Sunday, 4 April 2010

On rain, pubs and wet Bank Holiday Weekends....

Happy Easter everyone!

Don't know what the weather's like where you are, but it is decidedly wet up here at The Edge of The Fens....(World?).

This has put the kybosh on any plans I might have had to saw up more of next winter's logs, or chug down to the 48s at Clayhithe to remove more large stuff from the bank.

So, what to do..........?

Well, as I type, it's still only 10:05 a.m.: a little early even for me to be considering spending the day in the pub......

However, I've just looked at Chertsey's blog, ("Beware the pubs of March"), to see that they have had a pretty awful time of it trying to find a decent pint in convivial surroundings in that town.

So, I've decided, in the spirit of Sir Tim Berners-Lee, to share the findings of my very extensive research into the riverside hostelries of the Cam and a bit of the Ouse.....


"The Cutter Inn" on Riverside is a good pub.
Lunchtime is the best time to go: The beer is good, (Adnams etc) and the food and service fine. (I've never had a duff meal there yet) However, of an evening, it gets louder, younger and more boisterous as the night wears on. This may be exactly what you are looking for, but personally, I find that drunken youth is generally only ever of interest to itself, and tedious in the extreme to anyone who is over the mental age of their shoe-size.

The Cutter's biggest problem is its proximity to Cathedral Marina, home to enviromental vandals, eye-wateringly expensive diesel, and a biblical plague of plastic boats. The owners of the latter will go 'boating' of a weekend, which involves unmooring from their marina jetty and sailing the grand total of 120 feet to the public moorings outside The Cutter, where they sit all weekend, before embarking on the long voyage back to their jetty. This means absolutely no chance of a mooring spot for a narrowboat or widebeam.

So, in fine weather, (none of the plastics would venture out in the rain: they might get their nice shiny boats wet.....) The Cutter's out. If it's raining, though, you are in with a chance.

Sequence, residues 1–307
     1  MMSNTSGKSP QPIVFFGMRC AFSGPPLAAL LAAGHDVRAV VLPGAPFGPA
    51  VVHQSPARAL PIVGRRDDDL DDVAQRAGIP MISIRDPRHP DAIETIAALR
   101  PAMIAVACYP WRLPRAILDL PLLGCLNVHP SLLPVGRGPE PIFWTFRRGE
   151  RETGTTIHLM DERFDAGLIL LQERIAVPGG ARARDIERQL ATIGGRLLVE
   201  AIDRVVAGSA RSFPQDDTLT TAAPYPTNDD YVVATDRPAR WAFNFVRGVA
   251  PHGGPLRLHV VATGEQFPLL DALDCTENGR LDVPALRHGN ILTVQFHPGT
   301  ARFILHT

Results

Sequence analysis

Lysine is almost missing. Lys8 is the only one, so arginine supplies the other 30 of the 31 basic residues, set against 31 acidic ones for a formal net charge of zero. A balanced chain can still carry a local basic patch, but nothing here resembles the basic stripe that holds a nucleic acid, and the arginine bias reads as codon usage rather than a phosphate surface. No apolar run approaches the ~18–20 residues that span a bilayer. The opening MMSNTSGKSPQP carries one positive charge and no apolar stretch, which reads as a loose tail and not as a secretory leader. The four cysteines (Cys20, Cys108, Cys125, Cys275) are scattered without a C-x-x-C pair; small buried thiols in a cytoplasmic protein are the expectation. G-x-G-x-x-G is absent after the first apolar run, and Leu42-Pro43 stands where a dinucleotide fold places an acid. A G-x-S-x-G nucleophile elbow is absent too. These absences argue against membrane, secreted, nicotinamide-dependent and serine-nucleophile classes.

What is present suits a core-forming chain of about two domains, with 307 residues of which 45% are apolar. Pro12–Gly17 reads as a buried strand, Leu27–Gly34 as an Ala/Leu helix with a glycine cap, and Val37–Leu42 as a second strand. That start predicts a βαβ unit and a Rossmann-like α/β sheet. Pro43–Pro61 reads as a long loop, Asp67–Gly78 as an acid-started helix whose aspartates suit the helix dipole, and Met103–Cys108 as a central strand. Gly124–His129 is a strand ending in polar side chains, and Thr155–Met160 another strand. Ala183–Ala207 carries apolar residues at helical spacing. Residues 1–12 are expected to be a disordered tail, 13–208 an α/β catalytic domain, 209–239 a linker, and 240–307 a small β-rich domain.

The Ouse and Old West River.

If you detour off the Ouse and on to the Old West River for half an hour or so, you will get to The Lazy Otter. I've used this pub when helping our friends Neil and Jackie of nb Olive with a major paint-job and blacking in the nearby dry-dock. I've not taken Pippin up there so can't comment on the ease or otherwise of mooring, although there is a GOBA mooring very close to the pub.

Like most modern pubs, The Otter lacks anything in the way of atmosphere, being designed as a very efficient food and drink outlet. This it does well, the beer seems well kept, and if cider is your thing, they do Pickled Pig, a local brew of legendary strength. Not a place to fall in love in, or indeed with, though.

Chug back off The Old West and onto the Cam, hard-a-starboard for Cambridge, and the next pub is "The Five Miles From Anywhere".


Even if you are about to perish through dehydration and inanition.

It is a large, ugly, modern building. It is a very long way to the next pub, but that, of itself, is no recommendation for this dreadful place.

Your next stop is The Bridge at Clayhithe. There is usually ample space to moor, as the local plastic boat club next door has its own, presumably subsidised, club-house. Most steel boats that moor here don't object to budging up a bit if necessary, and if Pippin is in residence, you'd be welcome to come alongside.

The pub itself is a bit of a curate's egg.The interior is cosy in winter with real fires, and cool in the summer, if a bit on the gloomy side. The decor is aging nicely, aquiring a patination that suggests it's a real pub, not a designed confection. The large riverside beer garden is lovely in summer. However, it's owned by the notoriously rapacious pubco Punch Taverns. This means the landlord, Noel, who is a thoroughly nice bloke, is locked into buying beer at inflated prices from Punch. Passing this on to the clientele means a round in The Bridge is pretty steep. The staff are pleasant, willing, overworked and underpaid. They have my sympathy. The food is 'okay', though service when busy can be glacially slow. Again, this is the fault of the pubco, who won't give Noel the budget for enough staff to get things running at the proper speed. A good place to go if you aren't in a hurry.

On then through Bait's Bight lock and to "The Plough" at Fen Ditton. Can't tell you much about this one except that we haven't been back since it took me five minutes to get served the first time we moored up there.

There were two other customers in the place at the time.......


Assuming the river is sufficiently clear of rowers, your next stop will probably be "The Fort St George". I say probably, because having moored up at Jesus Green, you are in Cambridge proper, and have a choice of pubs that is unsurpassed for many miles. The Fort is a good place. Food's good, beer's good, service is pretty good, and it's staggering distance from the visitor mooring. What more could you want? Well, as I say, you are spoilt for choice, so from here on, you are on your own.

That said, if The Lucky Ducks read this and want to add any local knowledge acquired now they are town-dwellers, feel free!

Well, it's now 11.15, so The Bridge will be open.....

Cheers, everyone, and Happy Easter!

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